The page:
I still play bass with the Aldworth Philharmonic Orchestra, though not in the Concert Hall concert, because of the difficulty of access. I now play horn in the Saturday Morning Orchestra and occasionally in chamber music with friends. A recent, unusual and very interesting opportunity was to play bass with the St Giles Orchestra at Radley College, Oxfordshire, for a Conducting Masterclass, part of Abingdon Music Festival 2015. The coach was Peter Stark, whom I first met c. 1982 at Canford, and the conductors were eight very musical teenagers, all Oxfordshire based. We played three 19th C. overtures, Strauss' “Fledermaus”, Suppé's “Beautiful Galatea” and Offenbach's “Orpheus”, and the “Emperor Waltz”, also by Johann Strauss the younger.
Composing and arranging
In recent years, I have arranged more music than I have composed. In 2013/4, I arranged Wagner's Prelude to “Tristan & Isolde” for 15 wind instruments (double wind quintet with piccolo, cor anglais, bass clarinet and contrabassoon) and in 2014/5 Humperdinck's overture to “Hansel & Gretel” for 13 (same instruments as the Strauss Serenade Op. 7 and Suite Op. 4). However, I have also managed to add three movements to one of my first compositions, “Patrol”, in a version for 15 wind instruments (same as above).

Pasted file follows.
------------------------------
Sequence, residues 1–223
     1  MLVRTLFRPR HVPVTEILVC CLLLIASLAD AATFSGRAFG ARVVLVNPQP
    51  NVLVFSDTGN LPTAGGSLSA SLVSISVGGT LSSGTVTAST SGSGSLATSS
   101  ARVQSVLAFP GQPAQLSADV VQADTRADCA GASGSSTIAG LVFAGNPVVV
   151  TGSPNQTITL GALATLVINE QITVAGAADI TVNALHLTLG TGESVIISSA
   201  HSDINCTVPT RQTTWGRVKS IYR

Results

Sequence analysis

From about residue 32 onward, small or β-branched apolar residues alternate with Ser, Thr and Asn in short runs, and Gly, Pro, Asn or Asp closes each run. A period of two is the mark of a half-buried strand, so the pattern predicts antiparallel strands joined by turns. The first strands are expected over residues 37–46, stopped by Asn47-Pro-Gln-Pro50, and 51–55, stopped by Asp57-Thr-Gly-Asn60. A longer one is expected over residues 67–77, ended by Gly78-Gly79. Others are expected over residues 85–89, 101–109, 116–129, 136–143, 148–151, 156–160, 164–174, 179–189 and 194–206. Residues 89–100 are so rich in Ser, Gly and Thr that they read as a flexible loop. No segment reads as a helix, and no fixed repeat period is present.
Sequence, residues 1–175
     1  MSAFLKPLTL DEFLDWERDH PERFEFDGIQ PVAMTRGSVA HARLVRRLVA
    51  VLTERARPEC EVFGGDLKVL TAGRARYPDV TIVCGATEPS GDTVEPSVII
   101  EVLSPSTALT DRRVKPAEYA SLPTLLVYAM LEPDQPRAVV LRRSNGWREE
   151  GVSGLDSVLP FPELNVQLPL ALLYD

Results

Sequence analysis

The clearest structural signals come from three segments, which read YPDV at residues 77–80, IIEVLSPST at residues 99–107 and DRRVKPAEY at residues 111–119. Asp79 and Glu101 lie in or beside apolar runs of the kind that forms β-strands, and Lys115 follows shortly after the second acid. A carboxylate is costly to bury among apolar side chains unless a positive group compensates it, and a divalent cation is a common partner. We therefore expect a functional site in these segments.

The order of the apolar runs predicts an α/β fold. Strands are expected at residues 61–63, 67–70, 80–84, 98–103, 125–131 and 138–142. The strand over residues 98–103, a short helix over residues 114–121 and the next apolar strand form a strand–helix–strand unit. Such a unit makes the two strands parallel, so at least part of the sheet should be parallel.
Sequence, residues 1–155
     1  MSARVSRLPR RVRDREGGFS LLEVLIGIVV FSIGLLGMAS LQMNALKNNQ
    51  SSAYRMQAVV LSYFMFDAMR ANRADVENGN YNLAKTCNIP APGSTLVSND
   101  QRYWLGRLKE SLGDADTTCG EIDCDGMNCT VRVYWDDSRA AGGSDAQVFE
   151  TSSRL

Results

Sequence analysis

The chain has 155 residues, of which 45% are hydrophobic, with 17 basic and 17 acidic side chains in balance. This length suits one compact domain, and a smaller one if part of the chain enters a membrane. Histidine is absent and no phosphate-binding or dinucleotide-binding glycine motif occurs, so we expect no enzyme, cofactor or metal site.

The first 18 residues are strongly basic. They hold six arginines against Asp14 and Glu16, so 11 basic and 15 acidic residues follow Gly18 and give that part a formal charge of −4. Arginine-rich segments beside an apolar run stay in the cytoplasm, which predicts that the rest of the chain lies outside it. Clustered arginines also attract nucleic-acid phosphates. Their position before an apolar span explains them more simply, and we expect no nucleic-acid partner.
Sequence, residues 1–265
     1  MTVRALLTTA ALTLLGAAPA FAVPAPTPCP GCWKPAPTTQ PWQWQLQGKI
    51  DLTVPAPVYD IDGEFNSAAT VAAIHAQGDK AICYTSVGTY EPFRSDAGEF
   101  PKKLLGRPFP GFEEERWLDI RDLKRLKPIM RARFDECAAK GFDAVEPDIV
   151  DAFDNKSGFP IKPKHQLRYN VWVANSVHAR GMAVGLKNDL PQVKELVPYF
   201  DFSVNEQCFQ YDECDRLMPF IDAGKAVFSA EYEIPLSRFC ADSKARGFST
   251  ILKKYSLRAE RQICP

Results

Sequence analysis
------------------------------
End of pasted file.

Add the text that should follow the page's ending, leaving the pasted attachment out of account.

I have also written a program in the language MPL (MIDI Programming Language) to apply pitch bend to a MIDI sequence from sequencer to synthesizer in such a way as to make the intervals better tuned than equal temperament. Another program in this language was designed to help an electronic keyboard simulate a harp: seven of the Function keys on the computer keyboard provide the same functions as the harp pedals, so that the white keys can be made to produce the notes a semitone on either side. This allows glissandi on the white keys to produce any of pitch combinations possible on the pedal harp, such as diminished chords. Other versions of this program are optimised for Ravel's “Mother Goose” suite (the small orchestra version, not the ballet) and Debussy's “L'aprés-midi”.
Patsy 's activities have been somewhat inhibited by back trouble, and I have been helping her to run Da Capo, conducting parts of the rehearsal in addition to the arranging and composing that I have done from time to time since it started.
My interest in the teaching of reading continues, and I have written some computer programs to help in the production of vocabularies for decodable texts, though I have not yet made use of them.